The Crucible (the competitive area) has probably seen the biggest change in format. Whereas the first Destiny saw teams of six fighting each other in various game modes — some other, more competitive modes pit three on three — Destiny 2 pits teams of four against each another. What this does is create a multiplayer arena where each person matters more to their team and coordination matters more than ever. However, one of the biggest needed changes to the multiplayer formula is missing. Simply, the game relies on peer-to-peer hosting instead of dedicated servers. This opens up a whole bunch of potential for lag issues to creep into the game. I’ve been stuck playing several matches — even the game’s highly competitive Trials of the Nine mode — where enemy players have been impossible to kill because they’re essentially teleporting all over the map due to lag, as well as not being able to take any damage.

    To boot, since each match is hosted by players, the game is highly vulnerable to the extremely easy to pull off DDOS attack, which overloads a player’s router. This was a common problem where players would use this in competitive modes of the first game to win by default and score loot without really having to compete for it. Reportedly, this is also occurring in Destiny 2.

    In addition, several modes which were highly competitive — like Iron Banner and Trials — and factored gear level into damage and health for players, no longer work the same way.

    Many fans have expressed how they wish Destiny to enter the eSports arena. However, with how the game is currently hosted, that could never be possible. And with such a lag-inducing and vulnerable means of hosting the competitive play, it worries me how much worse this game will run on PCs, where typical means of exploit and hacking are easier to pull off.

    That said, I’m glad to see that those sticking to PC will finally get to experience a game that has taken so much time out of my life.


    Destiny 2 fireteam

    Moving Destiny 2 onto PC

    Destiny probably won’t be the same on PC. First off, since the game is extremely community driven and the PC version is launching two months late, those who held out for the mouse and keyboard version are already severely behind. To add to that, Bungie is using a third-party developer to pump out Destiny 2 for PC, so it’s likely that some updates and tweaks might lag or be off kilter from the console version.

    I had a chance to play the game’s beta on PC and it didn’t feel right with mouse and keyboard play. Destiny is built around the controller — everything from recoil, to how your character moves just feels good. In fact, Bungie actually helped Sony with the design of the PS4 controller. Just like Bungie’s previous franchise, Halo, which was built for console and didn’t translate very well to PC. Sure, you can use a controller on the PC, but then you’re at a huge disadvantage against the super precise, recoil avoiding mouse users, which, during the beta, resulted in a huge flux of people using high-hitting single-shot weapons like the hand cannon with deadly, long-range efficiency that wouldn’t be possible on a controller.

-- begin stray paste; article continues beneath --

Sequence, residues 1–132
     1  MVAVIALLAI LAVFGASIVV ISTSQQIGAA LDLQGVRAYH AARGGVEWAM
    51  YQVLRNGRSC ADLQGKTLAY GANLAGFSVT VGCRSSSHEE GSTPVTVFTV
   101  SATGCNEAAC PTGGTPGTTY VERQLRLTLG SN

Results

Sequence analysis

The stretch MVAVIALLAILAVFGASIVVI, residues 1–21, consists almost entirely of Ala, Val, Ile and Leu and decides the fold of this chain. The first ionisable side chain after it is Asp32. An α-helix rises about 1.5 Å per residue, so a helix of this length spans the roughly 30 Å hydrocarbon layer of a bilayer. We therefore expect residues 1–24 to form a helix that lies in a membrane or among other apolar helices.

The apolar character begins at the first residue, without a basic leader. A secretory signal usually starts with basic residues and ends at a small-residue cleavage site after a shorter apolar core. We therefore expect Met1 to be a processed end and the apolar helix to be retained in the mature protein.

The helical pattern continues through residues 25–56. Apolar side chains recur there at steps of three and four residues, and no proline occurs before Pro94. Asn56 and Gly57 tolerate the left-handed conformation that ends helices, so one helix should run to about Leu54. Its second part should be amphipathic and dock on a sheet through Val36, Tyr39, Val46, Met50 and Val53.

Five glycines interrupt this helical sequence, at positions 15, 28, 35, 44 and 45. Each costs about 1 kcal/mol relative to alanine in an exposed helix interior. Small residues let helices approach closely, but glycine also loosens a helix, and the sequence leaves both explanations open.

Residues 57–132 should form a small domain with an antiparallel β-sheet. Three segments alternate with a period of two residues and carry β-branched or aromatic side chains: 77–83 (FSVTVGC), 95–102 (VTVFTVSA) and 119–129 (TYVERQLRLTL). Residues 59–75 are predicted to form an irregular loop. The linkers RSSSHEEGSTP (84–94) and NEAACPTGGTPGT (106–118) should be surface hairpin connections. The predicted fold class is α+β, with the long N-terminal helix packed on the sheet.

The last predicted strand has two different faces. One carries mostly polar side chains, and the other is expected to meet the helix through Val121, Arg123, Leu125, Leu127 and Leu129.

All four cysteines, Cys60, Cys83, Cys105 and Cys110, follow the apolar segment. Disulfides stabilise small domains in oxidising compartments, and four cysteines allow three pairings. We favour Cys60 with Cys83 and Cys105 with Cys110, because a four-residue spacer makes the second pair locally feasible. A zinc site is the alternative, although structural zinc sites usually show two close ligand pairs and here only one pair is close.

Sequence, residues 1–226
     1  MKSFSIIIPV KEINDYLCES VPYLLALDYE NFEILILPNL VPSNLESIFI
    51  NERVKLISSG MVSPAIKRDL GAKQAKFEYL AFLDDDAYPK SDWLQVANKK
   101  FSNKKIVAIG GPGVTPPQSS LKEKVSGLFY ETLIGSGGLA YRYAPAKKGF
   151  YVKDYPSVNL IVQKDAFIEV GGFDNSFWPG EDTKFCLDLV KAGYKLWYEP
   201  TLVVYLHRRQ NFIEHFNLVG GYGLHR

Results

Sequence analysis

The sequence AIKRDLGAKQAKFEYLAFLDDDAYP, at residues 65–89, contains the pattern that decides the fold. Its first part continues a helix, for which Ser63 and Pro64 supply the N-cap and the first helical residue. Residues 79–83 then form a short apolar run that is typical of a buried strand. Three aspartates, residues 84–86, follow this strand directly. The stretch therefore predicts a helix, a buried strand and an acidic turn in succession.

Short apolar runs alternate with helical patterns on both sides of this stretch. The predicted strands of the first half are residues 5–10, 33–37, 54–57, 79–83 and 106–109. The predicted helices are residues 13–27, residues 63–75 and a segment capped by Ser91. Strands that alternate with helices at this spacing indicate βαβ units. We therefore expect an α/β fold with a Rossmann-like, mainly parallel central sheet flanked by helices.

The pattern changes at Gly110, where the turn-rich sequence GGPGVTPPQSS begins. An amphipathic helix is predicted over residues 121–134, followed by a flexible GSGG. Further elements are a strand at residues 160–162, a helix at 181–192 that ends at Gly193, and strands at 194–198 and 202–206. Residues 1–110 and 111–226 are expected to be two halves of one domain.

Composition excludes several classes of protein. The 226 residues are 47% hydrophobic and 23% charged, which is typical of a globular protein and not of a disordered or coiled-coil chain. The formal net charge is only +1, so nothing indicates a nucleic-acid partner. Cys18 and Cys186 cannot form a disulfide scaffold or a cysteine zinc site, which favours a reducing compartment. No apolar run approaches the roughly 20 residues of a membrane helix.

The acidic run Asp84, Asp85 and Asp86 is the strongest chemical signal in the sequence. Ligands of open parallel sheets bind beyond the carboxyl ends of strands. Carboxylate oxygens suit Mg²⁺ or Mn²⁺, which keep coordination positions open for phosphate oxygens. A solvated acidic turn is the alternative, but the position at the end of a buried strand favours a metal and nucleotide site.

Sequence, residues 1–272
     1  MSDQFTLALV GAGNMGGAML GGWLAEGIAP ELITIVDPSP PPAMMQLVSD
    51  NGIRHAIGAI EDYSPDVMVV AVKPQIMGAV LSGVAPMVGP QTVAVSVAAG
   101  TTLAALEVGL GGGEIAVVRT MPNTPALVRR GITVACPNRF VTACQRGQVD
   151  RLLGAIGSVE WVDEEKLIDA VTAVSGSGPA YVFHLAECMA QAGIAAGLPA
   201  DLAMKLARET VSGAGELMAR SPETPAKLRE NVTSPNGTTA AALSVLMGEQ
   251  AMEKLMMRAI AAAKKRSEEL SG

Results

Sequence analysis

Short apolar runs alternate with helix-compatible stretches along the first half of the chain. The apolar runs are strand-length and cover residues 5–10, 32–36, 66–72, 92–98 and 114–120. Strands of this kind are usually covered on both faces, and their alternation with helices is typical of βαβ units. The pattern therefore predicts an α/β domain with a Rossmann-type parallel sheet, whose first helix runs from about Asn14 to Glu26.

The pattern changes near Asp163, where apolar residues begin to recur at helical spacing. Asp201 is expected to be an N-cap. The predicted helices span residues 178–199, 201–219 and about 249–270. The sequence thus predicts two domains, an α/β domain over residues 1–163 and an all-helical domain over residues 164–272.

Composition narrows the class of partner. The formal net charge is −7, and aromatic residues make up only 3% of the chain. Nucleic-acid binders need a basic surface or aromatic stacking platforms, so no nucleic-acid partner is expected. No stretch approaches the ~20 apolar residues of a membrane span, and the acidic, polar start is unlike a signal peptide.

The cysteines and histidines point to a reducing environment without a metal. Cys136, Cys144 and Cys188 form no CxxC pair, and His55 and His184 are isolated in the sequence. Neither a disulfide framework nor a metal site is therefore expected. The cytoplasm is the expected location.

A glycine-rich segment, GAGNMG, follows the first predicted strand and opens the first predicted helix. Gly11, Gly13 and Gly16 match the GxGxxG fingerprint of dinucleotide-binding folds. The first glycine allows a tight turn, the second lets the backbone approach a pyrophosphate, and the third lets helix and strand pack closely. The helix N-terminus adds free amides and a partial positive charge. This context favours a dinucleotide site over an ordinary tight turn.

Some people thought the move to PC signaled a shift in Destiny readying itself for the eSports field. However, as mentioned above, just the way the game is hosted online means it could never be an eSport.

    The one thing PC has going for it is the potential of more computing power, which could hopefully alleviate some of the problems such as clipping with character gear and massive amounts of frame drops that occur in some game activities such as the current Leviathan raid.

    Oh, and it does look really pretty in 4K.

    Final thoughts on Destiny 2

    There were a ton of problems with the first Destiny. Sometimes I hated it. I went through odd periods of leaving it for months at a time. But for some odd reason, I just kept coming back to it. Maybe it’s the cross between that Guardian magic and the magic Bungie pulls off with their community.

    While Destiny 2 at launch is leagues better than the first game at launch (I’ve somehow put more than 200 hours into it already), there are still some things missing from the game. But what Bungie has shown its community is that it listens and keeps trying to reach a sense of perfection for their game and its universe — both in-game and the extended social universe that we’re all part of.

    That said, I’m bored with the game. Where in the first game I would spend several weeks after hitting level cap to get new gear with new abilities, there’s no point to that because the only difference between gear seems to be how it looks, which doesn’t affect play at all. Though Bungie made the game more accessible to casual players by simplifying and removing advantages hardcore players can get from specific gear, the developer also severely dropped the excitement of grinding for loot. This severely reduces the longevity of the game. Like any journey to perfection, tweaks are needed and finding a better balance between catering to the different types of payers in the community should be Bungie’s top priority. Make gear cool again. As well, Bungie really needs to do something about how PvP is hosted—because it’s 2017.


    Jay Rankin
    Jay Rankin likes pizza and poetry. Sometimes together.